Today the Presidency considered a request of Sister Jane S. Richards and concluded to grant it, namely, to appropriate to her the sum of $5,000. to enable her to meet Brother Franklin D. Richards' indebtedness for which her home was security. Brother Richards, a few years before his death, spoke to the late First Presidency in regard to this matter of rendering him assistance, and he afterwards made the request in writing, but nothing was done about it at the time, the reason being that the Church was also in straitened circumstances and the matter went over without action. Later Brother Richards, evidently disappointed, requested Brother George F. Gibbs, Secretary to the Presidency, to return his written application, which was done. In an interview with President Snow some time ago, Sister Jane S. Richards could not satisfy him as to the nature of the indebtedness, but asked that her son Franklin S. be allowed to explain it. This he did at the time to Presidents Snow and [Joseph F.] Smith, his information showing that President Franklin D. Richards, together with his sons Franklin S. and Charles C., borrowed money for the purpose of starting the Ogden Loan and Trust Company, which ended in failure; but before it failed, and when the bank was considered in good condition; but Abraham H. Cannon desired to control it in connection with a railroad scheme, and President Richards and his sons sold to Brother Cannon. They were invited to either buy out other stockholders or to sell, and not being able to buy they sold, realizing but sixty cents on the dollar, or a loss of some three thousand dollars on his investment, and this balance had been carried by him and his sons. During his lifetime he spoke to President Snow about this matter, feeling quite disappointed that the late First Presidency could not see their way clear to help him as it was the first time he had ever asked the Church for financial aid. President [George Q.] Cannon now informed President Snow that when Brother Richards made the application he was sorry it could not be granted, but that it was purely on account of the financial pressure at the time, but that he certainly favored it then and does now. Presidents Snow and Smith were of the same mind so the appropriation was made.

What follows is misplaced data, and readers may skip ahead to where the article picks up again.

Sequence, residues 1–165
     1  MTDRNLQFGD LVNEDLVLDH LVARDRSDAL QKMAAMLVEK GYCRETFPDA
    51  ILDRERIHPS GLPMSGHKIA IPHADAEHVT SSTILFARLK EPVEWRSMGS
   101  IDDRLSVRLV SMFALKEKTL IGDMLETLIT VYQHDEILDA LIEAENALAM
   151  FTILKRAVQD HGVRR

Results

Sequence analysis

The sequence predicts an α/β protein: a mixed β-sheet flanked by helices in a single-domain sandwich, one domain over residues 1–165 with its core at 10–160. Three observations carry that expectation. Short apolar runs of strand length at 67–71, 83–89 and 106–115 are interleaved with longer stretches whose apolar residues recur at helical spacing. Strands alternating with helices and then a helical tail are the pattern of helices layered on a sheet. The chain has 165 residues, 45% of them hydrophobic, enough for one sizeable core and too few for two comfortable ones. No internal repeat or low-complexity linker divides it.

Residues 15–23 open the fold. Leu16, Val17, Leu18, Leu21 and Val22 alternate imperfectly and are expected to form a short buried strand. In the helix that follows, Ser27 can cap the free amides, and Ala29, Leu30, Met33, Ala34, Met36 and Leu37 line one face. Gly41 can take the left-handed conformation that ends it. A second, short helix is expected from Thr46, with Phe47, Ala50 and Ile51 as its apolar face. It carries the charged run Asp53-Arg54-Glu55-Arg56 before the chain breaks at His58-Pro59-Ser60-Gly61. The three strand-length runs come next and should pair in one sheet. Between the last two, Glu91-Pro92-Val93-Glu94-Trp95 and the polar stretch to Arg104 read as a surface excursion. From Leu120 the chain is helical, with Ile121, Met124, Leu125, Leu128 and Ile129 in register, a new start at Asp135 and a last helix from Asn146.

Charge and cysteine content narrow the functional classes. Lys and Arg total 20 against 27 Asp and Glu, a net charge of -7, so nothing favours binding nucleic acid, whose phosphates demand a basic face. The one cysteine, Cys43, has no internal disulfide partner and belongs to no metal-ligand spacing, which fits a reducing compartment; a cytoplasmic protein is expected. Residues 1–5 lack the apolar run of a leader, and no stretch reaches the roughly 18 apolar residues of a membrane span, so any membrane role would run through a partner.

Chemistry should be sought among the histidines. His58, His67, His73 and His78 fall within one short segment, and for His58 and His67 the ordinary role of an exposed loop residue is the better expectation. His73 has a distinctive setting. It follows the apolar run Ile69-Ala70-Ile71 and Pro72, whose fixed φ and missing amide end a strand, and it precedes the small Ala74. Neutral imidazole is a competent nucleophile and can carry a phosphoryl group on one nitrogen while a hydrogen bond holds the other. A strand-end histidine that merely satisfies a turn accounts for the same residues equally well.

[Journal History, as quoted in Minutes of the Apostles of The Church of Jesus Christ of Latter-day Saints, 1835-1951, Electronic Edition, 2015]